Over the years, Humana Inc. (NYSE: HUM) has been vocal about prioritizing value-based care.
On Wednesday, it released its annual “Value-Based Care Report,” which affirms why its been crucial to the company’s Medicare Advantage (MA) beneficiaries.
Overall, MA members who are getting care through value-based arrangements received more time with their primary care physician. These individuals were also more likely to receive preventive care, and have less hospitalizations.
“The data are clear — value-based care works,” Dr. Kate Goodrich, chief medical officer at Humana, said in a press statement. “As our report shows, this smarter health care model improves outcomes for [MA] members and allows primary care physicians to practice medicine at the top of their license and develop meaningful relationships with patients. At Humana, we are proud to lead the way on value-based care for our [MA] members, and we will continue to look for ways to expand this approach into other lines of business.”
Based in Louisville, Kentucky, Humana is one of the largest insurance companies in the U.S. The company has roughly 5.8 million MA members. Its health care services arm, CenterWell, includes pharmacy, home health care and primary care. CenterWell Home Health has more than 360 locations.
The report found that 85% of value-based care patients, compared to only 75% of non-value-based care patients, saw their primary care physician at least once in 2022.
Plus, there was a 30.1% decrease in in-patient admissions for value-based care patients compared with traditional Medicare beneficiaries last year.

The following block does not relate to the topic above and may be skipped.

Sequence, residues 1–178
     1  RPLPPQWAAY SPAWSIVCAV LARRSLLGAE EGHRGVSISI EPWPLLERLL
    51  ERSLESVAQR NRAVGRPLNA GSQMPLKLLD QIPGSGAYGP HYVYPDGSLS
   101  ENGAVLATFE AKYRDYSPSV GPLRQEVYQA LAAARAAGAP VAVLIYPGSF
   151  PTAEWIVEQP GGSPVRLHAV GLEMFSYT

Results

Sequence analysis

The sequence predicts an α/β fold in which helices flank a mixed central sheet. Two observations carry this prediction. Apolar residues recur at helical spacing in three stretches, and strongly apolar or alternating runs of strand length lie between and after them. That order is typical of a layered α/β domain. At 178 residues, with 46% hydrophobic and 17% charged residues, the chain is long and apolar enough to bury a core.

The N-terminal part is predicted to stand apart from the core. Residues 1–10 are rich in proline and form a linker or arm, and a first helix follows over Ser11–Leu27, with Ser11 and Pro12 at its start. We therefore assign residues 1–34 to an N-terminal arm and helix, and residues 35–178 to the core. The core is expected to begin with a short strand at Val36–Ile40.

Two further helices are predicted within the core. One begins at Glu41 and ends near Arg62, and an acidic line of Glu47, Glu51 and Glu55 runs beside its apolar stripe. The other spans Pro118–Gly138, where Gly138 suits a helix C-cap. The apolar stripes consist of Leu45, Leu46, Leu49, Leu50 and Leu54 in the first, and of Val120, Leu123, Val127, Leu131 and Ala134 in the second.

Additionally, value-based care patients completed preventive screenings at a 14.6% higher rate than MA members who were not in a value-based care arrangement.
“Aging creates more complexity and challenges,” Dr. Misha Rhodes, market chief medical officer for Kentucky and Indiana at CenterWell Senior Primary Care, said in the report. “80% of seniors have at least 1 chronic condition, while 70% have 2 chronic conditions. Time spent with your primary care provider is crucial — time to address the patient’s concerns, to educate, and to address social determinants of health that impact their health outcomes.”
The report also found that MA beneficiaries were less likely to receive low-value care — medical services that offer little to no clinical benefit — compared to traditional Medicare members in 2019.
Humana wants to beef up CenterWell
In addition to releasing its report covering value-based care, Humana CFOSusan Diamond opened up Wednesday about the company’s strategy around CenterWell during a presentation at the Stephens Annual Investment Conference.
Broadly, Humana is focused on continuing to beef up its pharmacy, home health care and primary care verticals.
“From a capital deployment perspective, you’ll see us continue to do tuck in M&A across both primary care and home [health],” Diamond said. “We’ve been able to build a nice funnel with primary care, partly due to our health plan contracting strategies over the years.”
Diamond also noted that Humana sees value in creating greater density in the home health space.
In terms of home-based care, Humana is also focused on value-based models there, and excited about what’s possible with those capabilities.
“Today, it’s more in a traditional sense — home, DME and infusion — and where we can reduce costs and improve outcomes,” Diamond said. “I would say, we’re doing a great job creating value through more traditional levers by network contracting, [utilization management] and some of those things. The team continues to work on the clinical innovation, which we think is the real unlock, and where there’s substantially more dollars to be generated across the enterprise. I’d say we’re still early innings. They’re still trying to figure out exactly what interventions are necessary, and how to best deploy them to really realize the value.”
This could mean embracing models like SNF-at-home in the future, according to Diamond.